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Visitors turned away from Las Vegas shooting venue

Posted: 5:15 PM, Oct 01, 2018
Updated: 2018-10-02 09:56:15Z
Visitors turned away from Las Vegas shooting venue

On the anniversary of the deadliest mass shooting in the nation's modern history, the determined and the curious were turned away from the concert venue that became a killing field a year ago.

Officials with MGM Resorts International handed out maps and fliers on Monday to pedestrians who reached a locked and screened gate at the unused Las Vegas Strip festival grounds.

The company owns both the concert venue and the Mandalay Bay hotel, from which a gunman fired assault-style rifles from the 32nd floor, killing 58 people and injuring more than 850 on Oct. 1, 2017.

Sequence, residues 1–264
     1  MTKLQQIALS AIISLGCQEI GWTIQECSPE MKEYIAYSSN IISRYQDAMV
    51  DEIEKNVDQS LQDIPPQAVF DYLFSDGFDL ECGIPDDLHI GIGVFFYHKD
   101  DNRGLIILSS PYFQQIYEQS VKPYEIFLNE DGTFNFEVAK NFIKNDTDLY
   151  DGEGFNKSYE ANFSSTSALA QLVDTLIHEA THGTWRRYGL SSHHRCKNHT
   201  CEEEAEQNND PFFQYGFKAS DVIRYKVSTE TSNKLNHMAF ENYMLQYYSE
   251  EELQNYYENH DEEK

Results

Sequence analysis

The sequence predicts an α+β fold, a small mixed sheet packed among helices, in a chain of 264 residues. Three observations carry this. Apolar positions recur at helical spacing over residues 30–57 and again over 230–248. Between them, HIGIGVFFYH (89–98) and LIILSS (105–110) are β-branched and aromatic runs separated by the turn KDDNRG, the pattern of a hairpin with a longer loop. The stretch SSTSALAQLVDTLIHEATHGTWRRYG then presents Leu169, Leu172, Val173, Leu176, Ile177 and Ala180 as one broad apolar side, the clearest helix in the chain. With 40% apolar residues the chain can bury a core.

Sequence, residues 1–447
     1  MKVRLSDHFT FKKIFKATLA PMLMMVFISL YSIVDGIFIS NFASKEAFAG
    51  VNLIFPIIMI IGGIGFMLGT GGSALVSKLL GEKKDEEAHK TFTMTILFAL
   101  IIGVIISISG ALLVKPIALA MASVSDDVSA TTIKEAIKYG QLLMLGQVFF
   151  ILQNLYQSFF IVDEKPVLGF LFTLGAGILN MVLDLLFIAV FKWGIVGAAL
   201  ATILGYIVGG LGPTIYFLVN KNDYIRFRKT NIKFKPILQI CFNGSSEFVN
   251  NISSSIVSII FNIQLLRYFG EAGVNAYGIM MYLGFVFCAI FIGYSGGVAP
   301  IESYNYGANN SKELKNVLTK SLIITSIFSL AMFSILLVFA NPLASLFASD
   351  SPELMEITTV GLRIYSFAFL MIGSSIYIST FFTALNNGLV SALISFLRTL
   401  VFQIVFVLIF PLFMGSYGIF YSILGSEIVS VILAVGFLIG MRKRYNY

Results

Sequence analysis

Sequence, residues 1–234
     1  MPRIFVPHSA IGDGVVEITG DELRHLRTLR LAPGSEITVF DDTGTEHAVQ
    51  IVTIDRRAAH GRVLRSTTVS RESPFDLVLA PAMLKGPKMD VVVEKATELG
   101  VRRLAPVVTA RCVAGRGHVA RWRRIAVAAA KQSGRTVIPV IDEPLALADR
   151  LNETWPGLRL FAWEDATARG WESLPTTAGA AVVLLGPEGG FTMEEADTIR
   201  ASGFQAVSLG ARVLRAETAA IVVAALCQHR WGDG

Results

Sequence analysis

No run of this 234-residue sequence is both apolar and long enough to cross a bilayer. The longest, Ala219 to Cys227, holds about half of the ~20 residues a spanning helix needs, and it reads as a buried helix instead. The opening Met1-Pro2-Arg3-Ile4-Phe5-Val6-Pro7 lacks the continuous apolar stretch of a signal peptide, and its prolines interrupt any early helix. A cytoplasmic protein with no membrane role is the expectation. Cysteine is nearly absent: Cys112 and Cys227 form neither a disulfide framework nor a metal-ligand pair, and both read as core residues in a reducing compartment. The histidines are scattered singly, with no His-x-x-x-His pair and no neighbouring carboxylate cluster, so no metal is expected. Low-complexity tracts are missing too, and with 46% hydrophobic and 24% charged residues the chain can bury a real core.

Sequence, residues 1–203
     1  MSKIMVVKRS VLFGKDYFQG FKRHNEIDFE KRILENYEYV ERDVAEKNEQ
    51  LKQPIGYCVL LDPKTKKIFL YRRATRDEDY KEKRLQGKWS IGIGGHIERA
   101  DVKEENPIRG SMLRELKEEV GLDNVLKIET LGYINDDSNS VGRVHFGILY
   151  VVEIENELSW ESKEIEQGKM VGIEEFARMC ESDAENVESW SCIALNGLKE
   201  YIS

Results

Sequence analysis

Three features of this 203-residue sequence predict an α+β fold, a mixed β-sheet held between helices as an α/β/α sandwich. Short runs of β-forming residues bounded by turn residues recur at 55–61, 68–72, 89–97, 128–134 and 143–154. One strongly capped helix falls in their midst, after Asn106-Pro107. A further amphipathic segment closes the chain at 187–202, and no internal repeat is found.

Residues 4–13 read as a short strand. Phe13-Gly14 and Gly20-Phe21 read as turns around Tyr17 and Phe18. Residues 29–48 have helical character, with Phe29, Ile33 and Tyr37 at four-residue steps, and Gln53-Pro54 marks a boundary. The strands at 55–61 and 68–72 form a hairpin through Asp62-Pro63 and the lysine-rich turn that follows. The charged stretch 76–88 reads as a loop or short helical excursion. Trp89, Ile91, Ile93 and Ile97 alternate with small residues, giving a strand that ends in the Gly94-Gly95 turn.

The fliers suggested a short walk to a neighboring Catholic church for "quiet reflection" inside or to sign a commemorative banner -- or a trip to a planned evening dedication at a downtown memorial garden.

No parking was allowed along Las Vegas Boulevard and police closed a street between the church and the concert grounds, which has not been used since the shooting.

The chief executive of MGM Resorts International called the 1 October "an unforgettable act of terror."

Company chairman and CEO Jim Murren said in a statement Monday that the shooting was a "senseless act of evil."

Police and the FBI have not called the shooting a terrorist act or said the Mandalay Bay gunman was linked to a conspiracy. They say he acted alone.

How the event is characterized is important for MGM Resorts because it wants to invoke a federal anti-terrorism law enacted after Sept. 11, 2001, in defense of negligence lawsuits alleging that the casino giant could have prevented the shooting.